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IPCC climate update lands today

Australia not looking good.

The Intergovernmental Panel on Climate Change (IPCC)  will today release its latest report on the world’s current climate systems and climate change impacts.

The report, the first since 2013, is a three-part study with today’s release concentrating on “the physical science basis” for climate change.

It is expected to be available at 6pm AEST. The following two sections, “Mitigation of climate change” and “Impacts, adaption and vulnerability” are expected in 2022.

The release will have 12 chapters ranging from human impacts on climate change to the links between global and regional climate change.

David Karoly, Chief research scientist for the CSIRO in his article for The Conversation says that the report “will give world leaders the most up-to-date information about climate change to inform their policies”.

The report which has been put together by over 230 scientists from 60 different countries is the result of a culmination of over 14,000 research papers.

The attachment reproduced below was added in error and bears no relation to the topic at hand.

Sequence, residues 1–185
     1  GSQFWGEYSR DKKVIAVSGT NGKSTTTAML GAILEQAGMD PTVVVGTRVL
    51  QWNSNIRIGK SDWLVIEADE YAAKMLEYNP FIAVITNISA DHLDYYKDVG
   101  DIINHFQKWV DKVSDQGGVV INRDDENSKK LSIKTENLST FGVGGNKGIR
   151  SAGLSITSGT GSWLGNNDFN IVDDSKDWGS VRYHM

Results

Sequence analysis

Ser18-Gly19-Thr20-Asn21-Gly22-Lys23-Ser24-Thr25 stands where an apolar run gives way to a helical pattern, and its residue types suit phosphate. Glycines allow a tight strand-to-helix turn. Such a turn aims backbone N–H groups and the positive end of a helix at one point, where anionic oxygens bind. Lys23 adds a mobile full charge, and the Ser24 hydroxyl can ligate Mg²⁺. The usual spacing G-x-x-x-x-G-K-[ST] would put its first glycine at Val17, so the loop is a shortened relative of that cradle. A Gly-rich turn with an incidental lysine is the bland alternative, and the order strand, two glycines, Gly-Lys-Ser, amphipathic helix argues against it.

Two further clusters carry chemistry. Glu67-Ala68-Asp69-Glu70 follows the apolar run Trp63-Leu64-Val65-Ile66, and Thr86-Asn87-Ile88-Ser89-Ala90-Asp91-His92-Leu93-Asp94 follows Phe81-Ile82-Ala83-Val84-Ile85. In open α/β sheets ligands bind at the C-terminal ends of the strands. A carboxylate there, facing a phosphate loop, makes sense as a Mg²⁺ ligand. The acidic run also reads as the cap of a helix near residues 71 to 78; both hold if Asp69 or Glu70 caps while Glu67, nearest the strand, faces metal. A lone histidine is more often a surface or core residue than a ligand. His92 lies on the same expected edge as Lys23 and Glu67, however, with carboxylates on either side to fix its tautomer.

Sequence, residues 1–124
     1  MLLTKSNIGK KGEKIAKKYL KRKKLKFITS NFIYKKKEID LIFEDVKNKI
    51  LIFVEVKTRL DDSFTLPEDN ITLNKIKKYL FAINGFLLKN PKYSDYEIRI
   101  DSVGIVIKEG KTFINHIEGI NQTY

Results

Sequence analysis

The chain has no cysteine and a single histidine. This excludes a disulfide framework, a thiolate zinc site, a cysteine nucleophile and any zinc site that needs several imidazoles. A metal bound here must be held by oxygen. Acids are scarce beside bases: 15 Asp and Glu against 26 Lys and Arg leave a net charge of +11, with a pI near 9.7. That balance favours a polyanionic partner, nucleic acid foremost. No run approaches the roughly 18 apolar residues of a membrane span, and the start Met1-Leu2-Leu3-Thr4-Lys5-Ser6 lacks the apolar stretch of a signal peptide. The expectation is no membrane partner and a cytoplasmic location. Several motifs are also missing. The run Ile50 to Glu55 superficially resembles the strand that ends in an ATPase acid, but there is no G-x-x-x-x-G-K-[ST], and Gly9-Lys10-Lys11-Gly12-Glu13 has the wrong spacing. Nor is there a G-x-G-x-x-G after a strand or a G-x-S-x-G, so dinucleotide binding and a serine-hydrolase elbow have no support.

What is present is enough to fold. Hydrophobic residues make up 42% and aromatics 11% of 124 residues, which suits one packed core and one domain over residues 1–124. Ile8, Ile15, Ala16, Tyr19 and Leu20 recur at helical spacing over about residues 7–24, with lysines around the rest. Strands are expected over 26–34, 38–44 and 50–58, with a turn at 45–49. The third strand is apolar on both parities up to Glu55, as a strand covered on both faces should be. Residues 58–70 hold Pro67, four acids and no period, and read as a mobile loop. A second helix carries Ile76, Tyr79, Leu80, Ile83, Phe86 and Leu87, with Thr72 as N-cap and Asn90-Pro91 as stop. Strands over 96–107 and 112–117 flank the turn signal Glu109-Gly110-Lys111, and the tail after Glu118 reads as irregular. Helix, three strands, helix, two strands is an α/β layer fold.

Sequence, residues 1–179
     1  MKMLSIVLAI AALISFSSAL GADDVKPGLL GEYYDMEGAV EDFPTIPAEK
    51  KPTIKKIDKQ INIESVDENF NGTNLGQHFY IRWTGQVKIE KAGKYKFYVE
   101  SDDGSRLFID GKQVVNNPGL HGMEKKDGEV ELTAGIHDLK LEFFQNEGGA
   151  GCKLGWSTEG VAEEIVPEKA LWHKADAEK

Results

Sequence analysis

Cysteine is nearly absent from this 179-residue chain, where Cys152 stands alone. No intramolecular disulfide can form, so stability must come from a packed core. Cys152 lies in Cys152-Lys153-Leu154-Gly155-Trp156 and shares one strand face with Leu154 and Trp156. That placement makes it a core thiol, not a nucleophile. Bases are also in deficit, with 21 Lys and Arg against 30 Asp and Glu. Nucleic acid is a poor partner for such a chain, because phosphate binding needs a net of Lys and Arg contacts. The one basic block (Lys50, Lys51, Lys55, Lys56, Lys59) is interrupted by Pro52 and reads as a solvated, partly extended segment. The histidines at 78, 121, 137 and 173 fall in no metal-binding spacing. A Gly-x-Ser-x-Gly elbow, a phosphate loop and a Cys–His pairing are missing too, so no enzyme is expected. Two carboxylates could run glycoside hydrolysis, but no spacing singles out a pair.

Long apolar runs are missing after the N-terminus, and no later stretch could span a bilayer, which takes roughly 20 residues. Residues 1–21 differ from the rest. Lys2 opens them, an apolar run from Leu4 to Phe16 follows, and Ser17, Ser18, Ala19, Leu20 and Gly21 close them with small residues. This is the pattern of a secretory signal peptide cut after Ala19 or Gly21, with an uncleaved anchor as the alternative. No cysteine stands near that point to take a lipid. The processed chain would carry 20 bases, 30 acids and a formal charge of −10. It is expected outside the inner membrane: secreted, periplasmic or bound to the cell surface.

Karoly writing that the report is “relevant” to everyone, not just world leaders.

“The report will provide the most updated and comprehensive understanding of the climate system and climate change, both now and into the future. For that reason, it’s relevant to everyone: individuals, communities, businesses and all levels of government,” he writes.

Today’s release is also expected to contain information on regional Australia for the first time investigating “human triggers for disasters such as bushfires” according to an article in The Financial Review.

A report by the Australian Institute will also be released today to coincide with the IPCC report and is expected to put pressure on the Australian government.

Australian National University professor Hugh Saddler claiming that the report will show how lax Australia has been in comparison to the rest of the world in regard to easing its reliance on fossil fuels.

“The research shows that Australia is not leading the race to reduce emissions in our economy, we are lagging at the back of the pack of developed countries,” Saddler told The Financial Review.

Those that wish to read the report will be able to tonight on the IPCC website with the reports ‘Summary for policy makers’ being the most accessible and written with the general public in mind.

IMAGE: Person holding there is no planet B poster is available HERE and is used under a creative commons license. The image has not been modified.

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